[Top][All Lists]

[Date Prev][Date Next][Thread Prev][Thread Next][Date Index][Thread Index]

Re: German-GPL victorious in Frankfurt district court

From: Alexander Terekhov
Subject: Re: German-GPL victorious in Frankfurt district court
Date: Thu, 05 Oct 2006 13:19:56 +0200

Merijn de Weerd wrote:
> Therefore under German law, once I accept the GPL terms, I have
> a right to redistribute GPL-licensed software. However, I can
> protest unreasonable or illegal terms in the contract 

Not according to Welte's friends at ifross/jbb (Jaeger & Co. gang). 
Because, they explain, it would amount to "expropriation of the 
author" and that "is not a lawful option"!!! Oh poor moronized 
district court in Frankfurt.

D-Link, which already back in 2004 had had a run-in about a router 
with, argued that the GPL violated antitrust law 
because it featured a price fixing provision and imposed upon the 
licensee conditions affecting his/her/its contracts with third 
parties. These arguments the judges found to be irrelevant: If the 
GPL as a whole violated antitrust law, they observed, then any right 
of use to GPL-protected software would be null and void. Thus in 
plain English: Availing oneself of the rights granted by the GPL 
license while failing to recognize the duties attendant thereon – a 
state of affairs that Mr. Jaeger called the "expropriation of the 
author" – is not a lawful option.

Now visit
(II.K. Misuse Of Copyright)

Here's more
(3rd Circuit Breaks New Ground on Copyright Misuse)

Holding in Video Pipeline. The Court noted that misuse "exists where 
the patent or copyright holder has engaged in some form of anti-
competitive behavior." But, it went on to state that "More on point, 
however, is the underlying policy rationale for the misuse doctrine 
set out in the Constitution's Copyright and Patent Clause ... Put 
simply, our Constitution emphasizes the purpose and value of 
copyrights and patents. Harm caused by their misuse undermines their 

The Court reasoned that the underlying Constitutional purpose can be 
undermined, not only by anticompetitive licensing terms ... 

With respect to competition, the Court wrote that "Anti-competitive 
licensing agreements may conflict with the purpose behind a 
copyright's protection by depriving the public of the would-be 
competitor's creativity." ^^^^^^^^^^^^^^^^^^^^^^^^^^^^^^^^^^^^


The Court also made some other significant statements about the 
defense of misuse. It wrote that "Misuse is not cause to invalidate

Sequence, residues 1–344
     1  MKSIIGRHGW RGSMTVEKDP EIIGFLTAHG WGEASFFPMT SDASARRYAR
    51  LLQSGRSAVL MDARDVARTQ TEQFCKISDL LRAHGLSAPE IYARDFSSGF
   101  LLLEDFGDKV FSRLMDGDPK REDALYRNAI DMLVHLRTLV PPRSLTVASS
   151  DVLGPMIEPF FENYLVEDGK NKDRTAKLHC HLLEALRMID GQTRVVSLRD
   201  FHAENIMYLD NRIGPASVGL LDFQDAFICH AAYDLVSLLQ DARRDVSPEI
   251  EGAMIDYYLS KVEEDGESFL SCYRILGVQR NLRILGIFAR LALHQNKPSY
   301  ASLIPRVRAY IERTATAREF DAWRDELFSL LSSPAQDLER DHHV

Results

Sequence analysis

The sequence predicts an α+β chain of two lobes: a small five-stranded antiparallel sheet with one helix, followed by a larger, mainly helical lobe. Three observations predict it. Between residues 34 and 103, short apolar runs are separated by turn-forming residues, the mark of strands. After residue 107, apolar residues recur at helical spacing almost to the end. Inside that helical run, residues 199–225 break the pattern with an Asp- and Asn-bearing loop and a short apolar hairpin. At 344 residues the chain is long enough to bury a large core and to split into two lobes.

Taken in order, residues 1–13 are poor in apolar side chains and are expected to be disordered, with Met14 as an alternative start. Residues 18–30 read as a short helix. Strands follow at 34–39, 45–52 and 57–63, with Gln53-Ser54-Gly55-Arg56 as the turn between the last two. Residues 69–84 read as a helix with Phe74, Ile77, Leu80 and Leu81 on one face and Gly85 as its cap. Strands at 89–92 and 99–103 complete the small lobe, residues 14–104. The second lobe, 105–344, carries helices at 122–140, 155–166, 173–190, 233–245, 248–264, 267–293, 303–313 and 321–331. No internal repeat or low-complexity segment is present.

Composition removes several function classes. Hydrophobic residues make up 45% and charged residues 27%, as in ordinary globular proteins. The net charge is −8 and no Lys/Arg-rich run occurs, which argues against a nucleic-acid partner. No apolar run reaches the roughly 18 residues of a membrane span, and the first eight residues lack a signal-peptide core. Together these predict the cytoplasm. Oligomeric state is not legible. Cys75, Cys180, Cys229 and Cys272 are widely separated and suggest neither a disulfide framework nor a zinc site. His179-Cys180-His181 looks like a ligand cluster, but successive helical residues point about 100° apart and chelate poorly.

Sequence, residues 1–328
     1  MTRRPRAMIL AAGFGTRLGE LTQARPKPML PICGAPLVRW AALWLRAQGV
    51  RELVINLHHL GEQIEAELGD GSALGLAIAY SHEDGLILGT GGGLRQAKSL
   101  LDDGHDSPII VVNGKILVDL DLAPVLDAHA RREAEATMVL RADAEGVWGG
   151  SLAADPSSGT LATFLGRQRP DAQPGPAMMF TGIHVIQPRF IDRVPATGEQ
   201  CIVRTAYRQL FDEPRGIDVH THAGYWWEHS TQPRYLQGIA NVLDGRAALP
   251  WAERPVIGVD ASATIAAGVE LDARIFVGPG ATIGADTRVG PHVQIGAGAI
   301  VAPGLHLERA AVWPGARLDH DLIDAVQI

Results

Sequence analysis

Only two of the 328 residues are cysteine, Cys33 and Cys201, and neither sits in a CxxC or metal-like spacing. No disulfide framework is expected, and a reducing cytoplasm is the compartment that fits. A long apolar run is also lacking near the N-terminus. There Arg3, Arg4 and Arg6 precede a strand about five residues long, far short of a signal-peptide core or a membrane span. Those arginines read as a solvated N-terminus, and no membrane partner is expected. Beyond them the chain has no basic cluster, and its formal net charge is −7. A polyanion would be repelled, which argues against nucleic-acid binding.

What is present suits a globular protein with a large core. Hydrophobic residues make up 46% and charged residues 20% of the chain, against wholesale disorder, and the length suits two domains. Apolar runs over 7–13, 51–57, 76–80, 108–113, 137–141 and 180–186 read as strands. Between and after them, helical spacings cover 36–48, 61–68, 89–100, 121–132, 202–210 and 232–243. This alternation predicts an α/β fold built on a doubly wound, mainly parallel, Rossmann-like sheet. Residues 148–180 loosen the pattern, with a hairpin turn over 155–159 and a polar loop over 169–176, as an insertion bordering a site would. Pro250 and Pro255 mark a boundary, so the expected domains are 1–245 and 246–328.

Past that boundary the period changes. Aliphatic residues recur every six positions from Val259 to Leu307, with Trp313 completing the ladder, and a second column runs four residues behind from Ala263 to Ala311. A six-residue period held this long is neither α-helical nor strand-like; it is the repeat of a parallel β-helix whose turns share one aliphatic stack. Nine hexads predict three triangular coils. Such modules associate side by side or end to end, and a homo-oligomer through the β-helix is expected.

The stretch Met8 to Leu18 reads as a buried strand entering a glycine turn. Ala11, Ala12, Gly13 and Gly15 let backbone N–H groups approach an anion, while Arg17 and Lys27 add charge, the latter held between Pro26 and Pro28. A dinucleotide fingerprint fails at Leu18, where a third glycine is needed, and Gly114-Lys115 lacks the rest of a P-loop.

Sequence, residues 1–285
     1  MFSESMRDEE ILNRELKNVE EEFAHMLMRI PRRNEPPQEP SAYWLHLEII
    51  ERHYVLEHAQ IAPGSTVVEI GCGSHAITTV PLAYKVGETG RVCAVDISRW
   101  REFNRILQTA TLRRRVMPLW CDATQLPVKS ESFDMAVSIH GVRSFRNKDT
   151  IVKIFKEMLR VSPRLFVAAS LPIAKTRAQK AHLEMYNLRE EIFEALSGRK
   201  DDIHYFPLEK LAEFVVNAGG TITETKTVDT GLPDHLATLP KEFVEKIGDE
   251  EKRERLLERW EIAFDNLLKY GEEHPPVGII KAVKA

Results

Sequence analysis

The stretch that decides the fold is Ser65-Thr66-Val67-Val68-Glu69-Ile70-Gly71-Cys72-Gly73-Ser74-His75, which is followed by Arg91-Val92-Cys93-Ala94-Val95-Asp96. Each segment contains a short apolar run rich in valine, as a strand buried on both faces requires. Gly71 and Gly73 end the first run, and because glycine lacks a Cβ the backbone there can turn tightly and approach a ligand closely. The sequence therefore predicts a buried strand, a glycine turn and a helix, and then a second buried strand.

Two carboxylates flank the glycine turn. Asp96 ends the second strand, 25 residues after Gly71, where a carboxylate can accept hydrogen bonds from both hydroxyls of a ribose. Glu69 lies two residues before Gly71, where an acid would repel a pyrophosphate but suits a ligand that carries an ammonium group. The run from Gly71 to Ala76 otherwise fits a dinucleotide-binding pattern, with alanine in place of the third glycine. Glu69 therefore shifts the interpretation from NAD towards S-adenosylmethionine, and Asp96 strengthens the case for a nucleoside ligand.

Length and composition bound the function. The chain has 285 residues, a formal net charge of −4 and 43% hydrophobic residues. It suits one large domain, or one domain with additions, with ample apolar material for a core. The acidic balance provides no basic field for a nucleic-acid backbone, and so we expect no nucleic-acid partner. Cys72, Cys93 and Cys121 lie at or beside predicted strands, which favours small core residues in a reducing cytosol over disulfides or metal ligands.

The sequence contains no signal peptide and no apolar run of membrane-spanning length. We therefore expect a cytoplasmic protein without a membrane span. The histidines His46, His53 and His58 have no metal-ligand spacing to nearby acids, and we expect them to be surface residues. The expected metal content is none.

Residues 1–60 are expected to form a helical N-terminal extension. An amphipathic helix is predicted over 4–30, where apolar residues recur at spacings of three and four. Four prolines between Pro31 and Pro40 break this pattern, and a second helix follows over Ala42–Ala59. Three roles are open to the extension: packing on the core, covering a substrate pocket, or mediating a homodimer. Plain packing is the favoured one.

the copyright or patent, but instead ``precludes its enforcement 
during the period of misuse.''" (Citing Practice Management.) 
Moreover, the Court wrote that "To defend on misuse grounds, the 
alleged infringer need not be subject to the purported misuse."

And now here's what judge Tinder held in Wallace v. FSF (that was 
before he got GPL-moronized and dismissed the case on 
standing/jurisdictional ground with atterly moronic dicta quoting 
from "Heil GPL!" (so to speak) whitepaper from another GPL co-
conspirator at MontaVista). Tinder found that "Plaintiff's Third 
Amended Complaint States a Claim Upon Which Relief" can be Granted 
and that "Plaintiff's Allegations Sufficiently Set Forth a 
Violation of the Rule of Reason". He ruled: "To establish a 
Section 1 claim under the rule of reason test, a plaintiff must 
prove that "(1) that the defendants contracted, combined, or 
conspired among each other; (2) that the combination or conspiracy 
produced adverse, anti-competitive effects within relevant product 
and geographic markets; (3) that the objects of and the conduct 
pursuant to that contract or conspiracy were illegal; and (4) that 
the plaintiffs were injured as a proximate result of that 
conspiracy." Tunis Bros. Co. v. Ford Motor Co., 952 F.2d 715, 722 
(3d Cir. 1991). In this case, it appears that Mr. Wallace has made 
the necessary allegations of FSF's unlawful contract and conduct. 
In his Third Amended Complaint, he specifically alleges that FSF 
conspired with others, including International Business Machines 
Corporation, Red Hat Inc. and Novell Inc., to control the price of 
available software within a defined market through the GPL. 
Primarily at issue in FSF's motion is whether Mr. Wallace has 
adequately alleged that the GPL had a resulting anticompetitive 

[... reduction in IP output under GPL price-dumping conspiracy ...]

This may be considered anticompetitive effect, and it certainly can 
be inferred from what Mr. Wallace alleges in his Third Amended 
Complaint. Therefore, this court finds that the Third Amended 
Complaint states a claim for violation of Section 1 of the Sherman 
Act, under the rule of reason doctrine."


reply via email to

[Prev in Thread] Current Thread [Next in Thread]